AbstractThe Australian health/fitness industry is an important contributor to the national preventative public health strategy against obesity and associated health risk factors such as coronary heart disease, diabetes, various forms of cancer, osteoporosis and mental health problems (Commonwealth of Australia, 2010; Mathers et al., 2000). Although regular physical activity can significantly reduce obesity and associated health risk factors, epidemiological studies show that vigorous exercise can trigger cardiac events, especially in habitually sedentary people with known or unknown coronary artery disease (Corrado et al., 2006b). Furthermore, participation in physical activity by persons with obesity and diabetes is associated with an increased risk for musculoskeletal injuries, joint injuries, osteoarthritis, and disability (Brukner and Brown, 2005; Wilder and Cicchetti, 2009). A recent Victorian study drew attention to the concerns of the exercise participants (Finch et al., 2009b) of multipurpose recreational facilities that showed lack of safety policies and practices (Finch et al., 2009a). According to studies conducted in the United States health/fitness facilities that show low cardiac emergency preparation, lack pre-activity screening procedures and do not follow risk management recommendations and policies published by the leading national professional organizations (Connaughton, Spengler and Zhang, 2007) expose themselves to serious risk of litigation (Eickhoff-Shemek, 2010). In this regard, it is suggested that it is crucial for health and fitness facilities to implement effective risk management programs to provide reasonably safe services to their customers. In contrast, following changes to the Australian law in 2002 that was prompted by a perceived crisis in public liability insurance and an emerging ‘litigation culture’, recreational service providers in Australia have been given the right to contract out of their implied duty of care to their customers by use of exclusion clauses that can limit or exclude liability for negligence and breach of an implied warranty that services would be provided with reasonable care and skill. However, there were concerns that this blanket protection would cause recreational service providers to refuse to invest in injury prevention practices and risk the safety of their consumers (Australian Consumer and Competition Commission, 2005; McDonald, 2005). Therefore, proper implementation of risk management programs by recreational service providers to effectively prevent injuries and minimise subsequent liability claims was stressed (Standing Committee on Recreation and Sport, 2002). Despite the fact that the health/fitness industry represents a significant portion of the recreational services offered in Australia, little is known about the implementation of risk management practices in health/fitness facilities. In this light, the main purpose of this study was to investigate implementation of risk management practices in the health/fitness facilities in Queensland. Secondary aims of this study were: (a) to identify the potential sources of legal liability in the health/fitness industry, which will help (b) to develop a risk management assessment questionnaire for health/fitness facilities.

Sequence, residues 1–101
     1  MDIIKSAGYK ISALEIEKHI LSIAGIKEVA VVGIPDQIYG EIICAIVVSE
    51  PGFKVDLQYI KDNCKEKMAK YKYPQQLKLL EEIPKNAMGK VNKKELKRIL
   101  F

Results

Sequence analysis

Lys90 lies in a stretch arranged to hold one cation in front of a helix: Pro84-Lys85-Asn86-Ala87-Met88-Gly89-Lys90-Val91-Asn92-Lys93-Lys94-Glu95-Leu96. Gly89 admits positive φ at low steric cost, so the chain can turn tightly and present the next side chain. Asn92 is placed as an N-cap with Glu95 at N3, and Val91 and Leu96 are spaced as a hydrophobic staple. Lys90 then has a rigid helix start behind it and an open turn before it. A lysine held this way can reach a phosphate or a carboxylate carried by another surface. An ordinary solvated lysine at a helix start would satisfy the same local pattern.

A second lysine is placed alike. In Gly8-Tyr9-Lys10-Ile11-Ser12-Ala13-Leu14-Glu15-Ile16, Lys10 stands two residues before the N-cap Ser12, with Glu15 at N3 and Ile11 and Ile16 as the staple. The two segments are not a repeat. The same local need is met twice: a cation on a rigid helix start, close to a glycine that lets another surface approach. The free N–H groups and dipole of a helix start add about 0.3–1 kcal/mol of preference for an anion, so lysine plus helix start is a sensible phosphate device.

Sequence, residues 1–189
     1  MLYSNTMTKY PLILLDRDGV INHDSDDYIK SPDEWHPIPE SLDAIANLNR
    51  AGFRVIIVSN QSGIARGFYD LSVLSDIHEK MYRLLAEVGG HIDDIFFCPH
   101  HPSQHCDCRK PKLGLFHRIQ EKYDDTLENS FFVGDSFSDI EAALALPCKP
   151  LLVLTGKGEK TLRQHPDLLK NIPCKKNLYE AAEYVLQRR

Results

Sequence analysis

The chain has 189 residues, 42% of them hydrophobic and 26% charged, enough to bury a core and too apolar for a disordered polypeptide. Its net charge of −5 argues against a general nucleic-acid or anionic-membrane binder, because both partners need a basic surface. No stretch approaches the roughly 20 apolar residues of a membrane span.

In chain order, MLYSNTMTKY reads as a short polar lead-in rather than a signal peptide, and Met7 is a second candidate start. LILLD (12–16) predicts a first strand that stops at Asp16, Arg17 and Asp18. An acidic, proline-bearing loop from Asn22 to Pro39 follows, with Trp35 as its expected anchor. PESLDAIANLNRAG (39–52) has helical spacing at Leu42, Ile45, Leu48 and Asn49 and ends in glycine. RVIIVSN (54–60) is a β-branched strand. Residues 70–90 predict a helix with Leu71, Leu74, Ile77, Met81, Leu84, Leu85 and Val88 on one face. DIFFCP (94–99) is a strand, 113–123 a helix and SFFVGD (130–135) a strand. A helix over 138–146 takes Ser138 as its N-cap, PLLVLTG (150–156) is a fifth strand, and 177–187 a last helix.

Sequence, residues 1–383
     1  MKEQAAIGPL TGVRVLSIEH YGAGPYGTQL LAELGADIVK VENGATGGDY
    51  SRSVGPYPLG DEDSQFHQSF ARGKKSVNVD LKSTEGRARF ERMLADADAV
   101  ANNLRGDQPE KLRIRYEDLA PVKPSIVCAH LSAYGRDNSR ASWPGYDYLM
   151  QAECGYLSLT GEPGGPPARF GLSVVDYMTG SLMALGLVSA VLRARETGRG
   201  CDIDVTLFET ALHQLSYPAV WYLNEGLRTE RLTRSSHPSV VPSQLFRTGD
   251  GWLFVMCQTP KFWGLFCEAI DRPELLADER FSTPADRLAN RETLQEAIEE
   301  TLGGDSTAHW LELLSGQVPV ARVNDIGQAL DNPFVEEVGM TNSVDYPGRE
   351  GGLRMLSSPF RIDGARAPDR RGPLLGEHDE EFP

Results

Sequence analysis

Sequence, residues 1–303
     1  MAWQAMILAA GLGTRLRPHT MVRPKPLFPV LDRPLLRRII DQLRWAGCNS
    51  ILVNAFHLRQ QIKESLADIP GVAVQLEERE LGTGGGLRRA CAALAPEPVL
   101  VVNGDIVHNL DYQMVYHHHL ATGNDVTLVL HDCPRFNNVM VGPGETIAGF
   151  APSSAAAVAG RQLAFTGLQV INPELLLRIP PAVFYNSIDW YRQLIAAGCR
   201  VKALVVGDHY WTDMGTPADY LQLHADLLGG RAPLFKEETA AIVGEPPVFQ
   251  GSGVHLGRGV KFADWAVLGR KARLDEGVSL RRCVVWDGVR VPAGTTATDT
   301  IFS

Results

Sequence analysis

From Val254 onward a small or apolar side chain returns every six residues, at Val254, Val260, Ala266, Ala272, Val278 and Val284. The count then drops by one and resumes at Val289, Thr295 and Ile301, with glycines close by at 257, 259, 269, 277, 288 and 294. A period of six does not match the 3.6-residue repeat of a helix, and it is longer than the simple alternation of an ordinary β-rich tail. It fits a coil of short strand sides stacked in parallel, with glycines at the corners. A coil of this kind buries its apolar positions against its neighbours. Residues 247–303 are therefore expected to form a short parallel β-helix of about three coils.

The data was gathered from the managers of health/fitness facilities in Queensland using the self-developed and pilot tested Health and Fitness Industry Risk Management Questionnaire (HFRMQ). The statistical analysis of the data was conducted using descriptive statistics and non-parametric tests. The major findings of the study indicated that health/fitness facilities in Queensland had low adherence to risk management practices related to ‘emergency plans’, ‘inspections’ and ‘staff’, whereas risk management practices such as ‘waivers’ and ‘insurance’ were among the most implemented and valued risk management practices. However, neither waivers nor insurance can prevent injuries or adverse health outcomes that can occur as a result of negligently provided services in health/fitness facilities. Furthermore, as recent case law analysed in this study illustrates, waivers may not always be enforceable, and hence fail to prevent a successful lawsuit. In this light, the discussion and conclusions of this study highlights the need for health/fitness facilities to develop and implement effective risk management programs to provide reasonably safe services in the first place, which in turn minimises the risk of legal liability claims.
|Date of Award||11 Feb 2012|
|Supervisor||Shayne Quick (Supervisor) & Joachim Dietrich (Supervisor)|